[BangPypers] First python interview
modi.konark at gmail.com
Thu Oct 17 21:22:39 CEST 2013
This is a great introduction to data structures and algorithms and that too
On Thu, Oct 17, 2013 at 10:50 AM, ashish makani <ashish.makani at gmail.com>wrote:
> Some really insightful stuff here
> *The only way to do great work is to love what you do. If you haven’t found
> it yet, keep looking. Don’t settle. As with all matters of the heart,
> you’ll know when you find it.” - Steve Jobs (1955 - 2011)*
> On Tue, Oct 15, 2013 at 8:56 PM, ashish makani <ashish.makani at gmail.com
> > Lots of great links & resources !
> > Thanks Krace for the great reddit links
> > Time complexity of operations on python data structures might be useful
> > https://wiki.python.org/moin/TimeComplexity
> > All the best Avneesh !
> > Update this thread with the questions you got asked after the interview
> > cheers
> > ashish
> > *The only way to do great work is to love what you do. If you haven’t
> > found it yet, keep looking. Don’t settle. As with all matters of the
> > you’ll know when you find it.” - Steve Jobs (1955 - 2011)*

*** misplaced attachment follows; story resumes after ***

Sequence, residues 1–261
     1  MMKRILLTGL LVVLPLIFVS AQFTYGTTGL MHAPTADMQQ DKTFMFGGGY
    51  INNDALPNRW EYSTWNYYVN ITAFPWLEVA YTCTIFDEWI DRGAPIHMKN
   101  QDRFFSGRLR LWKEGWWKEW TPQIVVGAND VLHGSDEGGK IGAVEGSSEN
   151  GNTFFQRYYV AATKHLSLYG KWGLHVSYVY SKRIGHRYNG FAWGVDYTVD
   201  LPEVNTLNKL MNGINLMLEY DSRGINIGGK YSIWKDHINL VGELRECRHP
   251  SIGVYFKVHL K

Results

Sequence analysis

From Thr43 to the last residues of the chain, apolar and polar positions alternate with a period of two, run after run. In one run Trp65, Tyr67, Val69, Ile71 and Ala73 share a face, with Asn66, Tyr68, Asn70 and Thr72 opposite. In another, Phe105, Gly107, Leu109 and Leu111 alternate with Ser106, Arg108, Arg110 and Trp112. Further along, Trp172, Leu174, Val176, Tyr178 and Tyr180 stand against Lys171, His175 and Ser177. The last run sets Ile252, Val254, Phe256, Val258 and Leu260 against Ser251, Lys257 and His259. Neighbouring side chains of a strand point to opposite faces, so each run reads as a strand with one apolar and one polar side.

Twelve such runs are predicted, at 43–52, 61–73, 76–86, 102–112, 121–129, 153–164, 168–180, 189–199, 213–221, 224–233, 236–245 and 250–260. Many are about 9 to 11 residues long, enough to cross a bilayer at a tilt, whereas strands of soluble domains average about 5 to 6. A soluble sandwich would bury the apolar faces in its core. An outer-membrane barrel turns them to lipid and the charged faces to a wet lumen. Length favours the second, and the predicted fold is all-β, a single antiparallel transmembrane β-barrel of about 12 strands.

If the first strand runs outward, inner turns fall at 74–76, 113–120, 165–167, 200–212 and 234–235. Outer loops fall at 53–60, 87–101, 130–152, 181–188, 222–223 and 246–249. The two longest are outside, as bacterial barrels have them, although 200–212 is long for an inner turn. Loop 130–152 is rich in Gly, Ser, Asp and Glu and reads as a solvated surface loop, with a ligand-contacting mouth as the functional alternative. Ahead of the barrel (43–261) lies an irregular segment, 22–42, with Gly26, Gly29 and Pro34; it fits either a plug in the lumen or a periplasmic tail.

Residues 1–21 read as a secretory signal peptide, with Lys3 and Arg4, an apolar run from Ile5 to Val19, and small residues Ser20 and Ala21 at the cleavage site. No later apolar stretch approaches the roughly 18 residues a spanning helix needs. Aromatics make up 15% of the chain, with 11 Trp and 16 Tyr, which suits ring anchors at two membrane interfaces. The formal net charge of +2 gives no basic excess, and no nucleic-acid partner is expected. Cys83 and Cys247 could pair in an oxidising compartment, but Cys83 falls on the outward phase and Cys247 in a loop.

> > On Tue, Oct 15, 2013 at 12:07 PM, Dhananjay Nene <
> dhananjay.nene at gmail.com
> > > wrote:
> >> On Tue, Oct 15, 2013 at 11:25 AM, Navin Kabra <navin at smriti.com> wrote:
> >> > If I were interviewing you, I would not really be checking your python
> >> > knowledge (unless you claimed to be good in Python in your resume). I
> >> > would really check how good you are in Java (your primary language),
> >> > your general programming and problem solving skills.
> >> +1. I always prefer to ask someone what he is really good at and
> >> assuming one of the interviewing team has good exposure to that go
> >> really deep.
> >> I know this is not an answer to your question, but is more an aside -
> >> interviewing someone who claims limited knowledge or exposure to
> >> something is more often than not a futile exercise unless the
> >> candidate turns out really strong. If the candidate cannot answer the
> >> questions well, it is very hard to reach any reasonable assessment.
> >> So if I was the interviewer, I would really not worry about how much
> >> python you knew, but instead go after your java skills because thats
> >> what you've primarily worked on, and its your java knowledge that
> >> would be the decisive factor.
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